Archive for category: Psychology

The Day The Love Of My Life Went Missing

12 Jan
January 12, 2015

I still return to the mall where I last saw my wife. She was wearing a plaid skirt and blue windbreaker. I even remember the last conversation we had. We were standing outside of Florsheim Shoes and I was talking about the time I went fishing in Lake Ontario with the four nephews, and she was talking about the church social and how a nice pair of brown wingtips would go with the suit she bought me last summer. And right in the middle of the conversations, the mall sort of , well . . .disappeared, and I found myself on Lake Ontario, standing next to the nephews, in a black and red charter boat – just like the one we fished on last time. And I’m thinking, How cool is this? You just think of something and it becomes real. 

Well, at that precise moment in time, I turn to the wife to tell her about the boat and she’s gone. Just like that. Gone.

I don’t mind telling you that at that very moment, I was terrified. Worse than the time I was in that car accident and the firemen had to use The Jaws Of Life to free me. Even worse than the bad asthma attack Grandma had in ’68 when I had to carry her in to the hospital ER from the car. Worse, because you can wrap your head around a car accident, or even the possibility of losing a loved one to asthma, but to just disappear . . .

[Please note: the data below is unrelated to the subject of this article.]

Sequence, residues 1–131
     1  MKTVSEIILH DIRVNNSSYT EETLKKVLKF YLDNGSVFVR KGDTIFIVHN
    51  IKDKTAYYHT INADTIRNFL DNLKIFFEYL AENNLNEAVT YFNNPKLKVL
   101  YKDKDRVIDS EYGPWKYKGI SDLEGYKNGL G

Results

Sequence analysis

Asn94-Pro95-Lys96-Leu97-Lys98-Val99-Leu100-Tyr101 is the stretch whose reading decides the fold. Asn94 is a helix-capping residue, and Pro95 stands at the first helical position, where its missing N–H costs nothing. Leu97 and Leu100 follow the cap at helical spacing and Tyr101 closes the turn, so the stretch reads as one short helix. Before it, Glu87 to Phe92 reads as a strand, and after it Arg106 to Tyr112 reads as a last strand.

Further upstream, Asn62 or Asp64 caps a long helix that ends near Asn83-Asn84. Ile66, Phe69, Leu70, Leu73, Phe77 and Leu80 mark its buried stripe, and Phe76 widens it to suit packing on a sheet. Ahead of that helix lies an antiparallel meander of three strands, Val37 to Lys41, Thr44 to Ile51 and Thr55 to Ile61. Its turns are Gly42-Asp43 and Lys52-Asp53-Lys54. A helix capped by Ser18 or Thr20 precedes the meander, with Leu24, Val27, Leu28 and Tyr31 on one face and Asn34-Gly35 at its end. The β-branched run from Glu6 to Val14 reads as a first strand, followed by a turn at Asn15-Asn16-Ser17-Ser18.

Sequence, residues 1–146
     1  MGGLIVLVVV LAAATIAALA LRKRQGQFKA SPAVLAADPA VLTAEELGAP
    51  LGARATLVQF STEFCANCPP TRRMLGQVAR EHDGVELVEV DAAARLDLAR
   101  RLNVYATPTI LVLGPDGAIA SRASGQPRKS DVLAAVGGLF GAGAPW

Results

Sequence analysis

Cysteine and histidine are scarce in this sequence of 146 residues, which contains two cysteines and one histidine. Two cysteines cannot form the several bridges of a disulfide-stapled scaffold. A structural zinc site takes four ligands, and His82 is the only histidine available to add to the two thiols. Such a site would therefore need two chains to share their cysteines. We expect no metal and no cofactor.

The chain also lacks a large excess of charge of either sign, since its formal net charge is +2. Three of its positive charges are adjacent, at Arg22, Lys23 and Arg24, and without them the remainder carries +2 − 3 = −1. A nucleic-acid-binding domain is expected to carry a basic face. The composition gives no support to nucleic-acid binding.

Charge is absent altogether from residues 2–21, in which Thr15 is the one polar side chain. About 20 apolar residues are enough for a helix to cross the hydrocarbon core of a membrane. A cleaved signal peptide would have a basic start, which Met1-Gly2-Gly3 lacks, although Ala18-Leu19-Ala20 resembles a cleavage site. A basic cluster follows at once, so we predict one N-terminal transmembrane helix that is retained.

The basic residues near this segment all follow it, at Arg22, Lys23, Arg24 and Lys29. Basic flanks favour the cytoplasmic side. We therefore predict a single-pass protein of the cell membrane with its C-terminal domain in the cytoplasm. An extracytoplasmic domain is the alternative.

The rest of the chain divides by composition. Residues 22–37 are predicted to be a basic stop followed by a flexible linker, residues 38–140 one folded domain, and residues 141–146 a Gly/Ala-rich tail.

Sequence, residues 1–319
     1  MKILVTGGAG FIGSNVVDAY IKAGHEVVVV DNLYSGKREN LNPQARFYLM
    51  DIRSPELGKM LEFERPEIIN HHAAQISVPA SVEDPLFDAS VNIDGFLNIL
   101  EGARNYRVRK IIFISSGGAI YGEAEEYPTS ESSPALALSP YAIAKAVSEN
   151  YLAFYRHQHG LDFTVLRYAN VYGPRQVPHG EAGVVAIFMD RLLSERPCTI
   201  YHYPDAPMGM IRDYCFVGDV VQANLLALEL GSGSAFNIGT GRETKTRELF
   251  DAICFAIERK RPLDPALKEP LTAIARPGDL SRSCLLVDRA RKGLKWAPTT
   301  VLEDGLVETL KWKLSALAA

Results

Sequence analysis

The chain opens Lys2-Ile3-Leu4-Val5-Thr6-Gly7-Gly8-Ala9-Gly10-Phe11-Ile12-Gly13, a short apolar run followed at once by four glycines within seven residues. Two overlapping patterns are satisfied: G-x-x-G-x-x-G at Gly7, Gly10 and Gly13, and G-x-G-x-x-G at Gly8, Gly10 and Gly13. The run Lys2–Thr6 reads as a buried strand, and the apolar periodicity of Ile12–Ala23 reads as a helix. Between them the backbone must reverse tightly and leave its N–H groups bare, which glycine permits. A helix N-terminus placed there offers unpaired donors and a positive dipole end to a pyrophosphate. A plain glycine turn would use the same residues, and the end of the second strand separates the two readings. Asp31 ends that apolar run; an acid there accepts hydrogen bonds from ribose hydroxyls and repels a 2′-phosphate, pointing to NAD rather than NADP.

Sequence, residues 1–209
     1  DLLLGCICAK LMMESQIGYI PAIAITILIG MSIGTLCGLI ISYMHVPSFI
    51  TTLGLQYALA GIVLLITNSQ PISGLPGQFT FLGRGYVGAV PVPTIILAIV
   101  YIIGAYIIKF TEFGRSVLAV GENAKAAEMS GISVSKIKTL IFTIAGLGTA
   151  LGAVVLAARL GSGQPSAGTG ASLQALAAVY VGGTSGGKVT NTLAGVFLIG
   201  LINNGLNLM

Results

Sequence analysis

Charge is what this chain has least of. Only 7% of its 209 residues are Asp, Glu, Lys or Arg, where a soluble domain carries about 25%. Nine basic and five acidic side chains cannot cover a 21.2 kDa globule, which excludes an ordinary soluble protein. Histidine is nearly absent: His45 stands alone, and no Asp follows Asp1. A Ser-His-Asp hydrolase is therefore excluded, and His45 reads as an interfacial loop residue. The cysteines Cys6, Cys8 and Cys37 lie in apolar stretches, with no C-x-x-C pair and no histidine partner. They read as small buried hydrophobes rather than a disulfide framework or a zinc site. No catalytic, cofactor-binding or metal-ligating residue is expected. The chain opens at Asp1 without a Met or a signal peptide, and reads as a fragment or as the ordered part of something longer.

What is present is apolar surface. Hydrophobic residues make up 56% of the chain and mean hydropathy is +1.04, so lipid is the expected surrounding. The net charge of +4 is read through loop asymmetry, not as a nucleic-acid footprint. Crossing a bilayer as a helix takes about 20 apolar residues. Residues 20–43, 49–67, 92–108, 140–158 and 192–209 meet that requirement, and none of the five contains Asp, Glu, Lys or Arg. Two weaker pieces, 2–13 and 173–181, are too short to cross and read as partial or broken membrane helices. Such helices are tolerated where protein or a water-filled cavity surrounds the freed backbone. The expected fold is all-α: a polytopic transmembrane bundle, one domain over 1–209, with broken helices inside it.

Oh, I hear the kids talking about it from time to time. To spare me from additional grief, they’ve apparently hired a look-alike house keeper to take mom’s place. And she’s convincing . . .she looks like mom, talks and acts like her too. She even smells like her!

I’d still like to know what happened to the real  mom, though, the woman I married 61 years ago. Like I said, I try and get to the mall whenever I can, to look for her. (The kids have a fit whenever I “sneak out” and walk to the mall. So what’s the worse that can happen to me? The Security Team at the mall knows me, so do the State Troopers. They’re good people. They all give me the same advise about listening to my children, then they drive me home.)

Oh, I’ll find her. Even if the children put me in one of those “facilities.” I’ll find her. Or die trying.



15 Mar
March 15, 2013


After watching my brother care for his wife through her 12 years of Alzheimer’s, I can well understand why many caregivers die before their charges do. He said to me at one point that he had not had a single uninterrupted night’s sleep in five years. He was in his 80s, and refused to put her in the local nursing home which is dirty and depressing. He died shortly after she did. He sacrificed his life for hers.

As an avid genealogist I have many death records of my ancestors. Looking at those records is very revealing. Many had a mild chronic illness for several years prior to death but the illnesses that incapacitated them and led to death were brief, from hours to days. The amount of intense bedside care they required was short.